New research could improve a well-known side effect of chemotherapy and improve patient quality of life post treatment

Silhouette of woman thinking with lightbulbs and clocks floatingMost living beings cycle through daily rhythms in cellular, physiological and behavioral phenomena that are determined by internal clocks. Research shows that disruption or alterations to these internal clocks, or regulators, are associated with many illnesses and diseases. What has remained unclear, is how interventions and treatments for illness and disease, such as chemotherapy, impacts internal clocks during and after treatment.

Cancer patients often experience behavioral side effects after treatment, such as fatigue and anxiety. Biological factors such as disruptions in the circadian rhythms of hormones often coincide.

New research out of The Ohio State University Institute for Behavioral Medicine Research demonstrates that repeated administrations of chemotherapy disrupt both central and peripheral circadian rhythms and are associated with worse and enduring disruptions in cancer patients’ locomotor activity rhythms.

Leah Pyter, PhD, associate professor of Psychiatry and Neuroscience at The Ohio State University College of Medicine and Institute for Behavioral Medicine Research, says these findings support the possibility that targeted circadian realignment therapies may be a novel and noninvasive way to improve patient outcomes during and after chemotherapy.

“This is significant because the circadian master clock in the brain controls the timing of cell functions throughout the entire rest of the body,” says Pyter.

Pyter and a team of fellow Ohio State researchers’ examination of the effects of chemotherapy on molecular, physiological, and behavioral circadian rhythms was just published in the journal Brain, Behavior, and Immunity.

Prior to this study, this group previously reported that solid tumors alter time-of-day fluctuations in clock gene expression using a mouse model of breast cancer. For this study, they built on that model to examine the extent to which paclitaxel, a common chemotherapy drug used for breast and other cancers, altered circadian rhythms and dampened the amplitude of clock gene expression, genes that participate in regulatory feedback loops that oscillate with circadian rhythms, in the brain and adrenal glands of tumor-free mice.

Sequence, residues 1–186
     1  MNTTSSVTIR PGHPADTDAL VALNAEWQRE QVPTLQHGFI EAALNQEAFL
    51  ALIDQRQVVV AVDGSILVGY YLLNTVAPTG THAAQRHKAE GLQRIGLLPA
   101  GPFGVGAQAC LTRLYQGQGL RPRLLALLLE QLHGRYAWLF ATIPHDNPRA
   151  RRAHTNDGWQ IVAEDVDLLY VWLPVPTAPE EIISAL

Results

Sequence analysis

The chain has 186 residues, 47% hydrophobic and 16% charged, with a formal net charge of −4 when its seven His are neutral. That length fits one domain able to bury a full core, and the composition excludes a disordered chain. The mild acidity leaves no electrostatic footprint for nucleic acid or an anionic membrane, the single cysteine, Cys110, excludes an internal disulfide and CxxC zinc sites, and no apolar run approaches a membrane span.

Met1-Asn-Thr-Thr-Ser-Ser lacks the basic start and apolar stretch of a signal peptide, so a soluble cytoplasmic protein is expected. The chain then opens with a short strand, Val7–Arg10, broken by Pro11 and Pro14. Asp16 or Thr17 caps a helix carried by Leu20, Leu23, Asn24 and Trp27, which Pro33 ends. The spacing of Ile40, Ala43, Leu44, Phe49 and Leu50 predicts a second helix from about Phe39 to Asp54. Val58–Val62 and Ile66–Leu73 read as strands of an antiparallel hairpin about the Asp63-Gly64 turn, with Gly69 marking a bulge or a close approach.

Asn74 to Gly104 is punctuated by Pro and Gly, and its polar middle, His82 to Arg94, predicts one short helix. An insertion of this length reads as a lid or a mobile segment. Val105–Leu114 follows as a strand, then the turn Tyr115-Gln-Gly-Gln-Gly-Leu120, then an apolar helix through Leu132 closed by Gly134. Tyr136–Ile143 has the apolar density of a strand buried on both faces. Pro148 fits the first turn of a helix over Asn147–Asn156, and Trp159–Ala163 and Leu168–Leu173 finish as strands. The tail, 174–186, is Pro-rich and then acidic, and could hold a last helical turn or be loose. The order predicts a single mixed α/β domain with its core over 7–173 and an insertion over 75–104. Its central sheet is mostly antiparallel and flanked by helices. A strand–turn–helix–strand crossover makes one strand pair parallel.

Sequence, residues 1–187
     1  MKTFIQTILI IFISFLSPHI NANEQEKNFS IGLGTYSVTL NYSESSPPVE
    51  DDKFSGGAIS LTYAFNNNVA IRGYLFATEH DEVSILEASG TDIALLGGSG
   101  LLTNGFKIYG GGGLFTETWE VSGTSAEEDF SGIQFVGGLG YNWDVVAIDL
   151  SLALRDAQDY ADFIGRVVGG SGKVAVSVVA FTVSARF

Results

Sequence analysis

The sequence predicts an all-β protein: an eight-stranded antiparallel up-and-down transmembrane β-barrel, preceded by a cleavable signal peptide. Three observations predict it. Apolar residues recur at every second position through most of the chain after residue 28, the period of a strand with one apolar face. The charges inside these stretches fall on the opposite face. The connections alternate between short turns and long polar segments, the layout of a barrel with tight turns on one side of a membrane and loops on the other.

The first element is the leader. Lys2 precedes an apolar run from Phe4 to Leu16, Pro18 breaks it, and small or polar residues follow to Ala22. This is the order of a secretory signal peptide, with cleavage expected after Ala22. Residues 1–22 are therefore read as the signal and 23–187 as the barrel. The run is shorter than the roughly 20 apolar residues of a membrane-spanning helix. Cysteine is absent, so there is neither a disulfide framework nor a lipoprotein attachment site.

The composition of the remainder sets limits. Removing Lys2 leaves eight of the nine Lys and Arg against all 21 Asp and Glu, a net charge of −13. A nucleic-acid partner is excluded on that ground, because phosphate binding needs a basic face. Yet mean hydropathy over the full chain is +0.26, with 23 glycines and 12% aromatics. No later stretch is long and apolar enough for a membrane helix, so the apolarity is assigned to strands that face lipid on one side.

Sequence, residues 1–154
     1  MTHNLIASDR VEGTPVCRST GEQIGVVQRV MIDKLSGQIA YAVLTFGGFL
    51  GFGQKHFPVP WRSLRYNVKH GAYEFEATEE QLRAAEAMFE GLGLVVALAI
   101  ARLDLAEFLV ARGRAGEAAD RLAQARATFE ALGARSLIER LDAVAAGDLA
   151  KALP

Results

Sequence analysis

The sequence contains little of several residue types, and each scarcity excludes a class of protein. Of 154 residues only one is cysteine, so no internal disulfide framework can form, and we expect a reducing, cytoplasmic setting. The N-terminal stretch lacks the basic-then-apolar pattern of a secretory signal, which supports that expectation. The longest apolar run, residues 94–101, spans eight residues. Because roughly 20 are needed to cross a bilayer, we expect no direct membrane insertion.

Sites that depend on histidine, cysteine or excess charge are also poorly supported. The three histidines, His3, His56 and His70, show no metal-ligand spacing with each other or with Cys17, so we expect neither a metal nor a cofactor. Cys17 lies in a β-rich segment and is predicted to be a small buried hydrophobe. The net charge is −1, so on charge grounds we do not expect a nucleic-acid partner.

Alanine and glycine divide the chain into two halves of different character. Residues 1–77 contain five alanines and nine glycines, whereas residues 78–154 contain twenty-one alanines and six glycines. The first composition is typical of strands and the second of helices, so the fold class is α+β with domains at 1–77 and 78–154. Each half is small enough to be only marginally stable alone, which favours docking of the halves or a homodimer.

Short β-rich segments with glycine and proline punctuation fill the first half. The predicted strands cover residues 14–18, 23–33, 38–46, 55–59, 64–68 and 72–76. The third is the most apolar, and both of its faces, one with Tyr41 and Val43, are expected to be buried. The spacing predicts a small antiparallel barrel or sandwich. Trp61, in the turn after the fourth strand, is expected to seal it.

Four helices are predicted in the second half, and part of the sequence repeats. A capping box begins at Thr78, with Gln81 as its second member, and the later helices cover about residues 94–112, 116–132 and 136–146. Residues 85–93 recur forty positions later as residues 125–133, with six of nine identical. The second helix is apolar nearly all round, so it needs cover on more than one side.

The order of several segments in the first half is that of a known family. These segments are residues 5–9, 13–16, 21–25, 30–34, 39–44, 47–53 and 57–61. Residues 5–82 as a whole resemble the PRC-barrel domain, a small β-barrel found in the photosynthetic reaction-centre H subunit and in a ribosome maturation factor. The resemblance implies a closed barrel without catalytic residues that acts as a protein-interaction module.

They found that paclitaxel disrupts clock gene rhythms in the suprachiasmatic nucleus (master clock), which is in the hypothalamus, the area of the brain that manages the pituitary gland and the autonomic nervous system. They also found that paclitaxel also disrupts clock gene activity in other brain regions and adrenal glands, which are associated with chemotherapy-induced inflammation. These findings align with a previous study that demonstrates that 5-fluorouracil chemotherapy, which works through different antineoplastic mechanisms compared to paclitaxel, also blunts the amplitude of circadian rhythms.

The convergent findings suggest how the disruption of circadian rhythms impact cortisol release that correlates with reduced quality of life and decreased long-term cancer survival rates.

“This has the potential to impact patient health long after treatment,” Pyter says. “My vision is to create a clinic for cancer survivors to provide continued care to help them deal with the aftermath of cancer.”